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What to look for in a financial planner for your retirement investments

by Jim Sloan

In the aftermath of the Great Recession, many Americans are uncertain about what to do with their retirement savings accounts.

Many of them have lost jobs and the 401(k) accounts that went with them, and are trying to figure out where to roll over the investments in those retirement savings accounts.

Others became disillusioned with the promise of the 401(k) savings accounts--having lost so much money when the stock market dropped--and are looking for more reliable ways to make investments for retirement. Should they just use the best savings accounts they can find? Is there a high yield savings account they should consider?

As a result of these and other questions, many people have started looking for a financial adviser to help them. It's a smart move, but finding a financial adviser can be a daunting task. Here's why:

  • Many financial advisers will only work with you if you have a lot of money--more than $500,000, for instance.
  • There are nearly 100 different professional designations for financial advisors, according to the Financial Industry Regulatory Authority (FINRA). Finding out which acronym fits your needs can be profoundly confusing.
  • There are certain duties a financial planner will perform and other jobs you'll just have to do yourself. Those who think they can hire someone and sit back and relax may be disappointed.

What to look for in a financial planner

According to Consumer Reports, there are really just four credentials you need to look for in a financial planner:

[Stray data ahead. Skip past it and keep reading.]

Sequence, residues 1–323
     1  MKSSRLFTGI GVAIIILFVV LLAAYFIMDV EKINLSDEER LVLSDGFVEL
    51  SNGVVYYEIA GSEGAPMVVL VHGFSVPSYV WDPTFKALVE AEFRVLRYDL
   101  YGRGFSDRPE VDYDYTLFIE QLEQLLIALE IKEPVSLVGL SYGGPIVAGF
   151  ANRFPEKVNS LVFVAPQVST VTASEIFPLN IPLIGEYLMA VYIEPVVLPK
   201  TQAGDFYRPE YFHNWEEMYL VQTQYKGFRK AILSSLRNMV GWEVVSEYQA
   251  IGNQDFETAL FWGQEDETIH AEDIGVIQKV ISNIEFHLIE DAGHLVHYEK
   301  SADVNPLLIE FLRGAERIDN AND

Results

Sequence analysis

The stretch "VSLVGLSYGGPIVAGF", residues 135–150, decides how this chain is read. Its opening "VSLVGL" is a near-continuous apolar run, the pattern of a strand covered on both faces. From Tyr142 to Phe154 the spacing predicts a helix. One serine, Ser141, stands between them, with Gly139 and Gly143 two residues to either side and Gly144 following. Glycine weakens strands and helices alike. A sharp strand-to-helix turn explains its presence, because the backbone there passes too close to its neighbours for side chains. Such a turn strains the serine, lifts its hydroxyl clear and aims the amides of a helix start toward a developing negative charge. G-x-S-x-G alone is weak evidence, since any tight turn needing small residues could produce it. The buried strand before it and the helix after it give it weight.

• Certified Financial Planner (CFP): These folks have passed a 10-hour exam and have years of experience.
  • Chartered Financial Consultant: This designation requires at least eight college courses and 30 hours of continuing education each year. These professionals typically focus on insurance.
  • Certified Public Accountant/Personal Financial Specialist: These are CPAs with special training.
  • NAPFA-registered Financial Advisor: These are fee-only planners who have met the strict requirements of the National Association of Personal Financial Advisors.

What to avoid

There are many people who present themselves as financial planners, and their business cards will have an impressive list of acronyms. But many of those acronyms only camouflage the fact that the planner is really a salesperson who makes commissions by selling you products that you may or may not benefit from. Some may be outright frauds.

According to The Sacramento Bee, the three things to consider when hiring a financial advisor are: credentials, credibility and compensation.

You can check an advisor's credentials on the FINRA website under its "BrokerCheck" feature, as well as the U.S. Securities and Exchange Commission website, which lists the employment history and any customer disputes of investment advisers and firms under "investor information."

Doing your due diligence

To gauge a planner's credibility, meet with several before hiring one, and ask them each the same questions about their background, the scope of the work they will do for you and compensation. Experts usually recommend a planner who is "fee only," meaning they won't be charging you commissions. A "fee-based" adviser usually charges commissions.

You will also have to determine how your adviser will be paid, whether it's an hourly rate, a set amount for each consultation or a percentage of your total assets. This may be determined by what type of relationship you want with the advisor--a one-time investment tune-up or a long-term relationship with monthly, quarterly or annual investments reviews.

The bottom line is that you need to move cautiously. Don't make a quick decision based on someone's recommendation or a fancy string of titles. Figure out what you feel you need from an adviser and then interview several before making a choice before turning over your life's savings accounts and investments to someone.

Disclaimer:This content is not provided or commissioned by American Express. Opinions expressed here are author's alone, not those of American Express, and have not been reviewed, approved or otherwise endorsed by American Express. This site may be compensated through American Express Affiliate Program.

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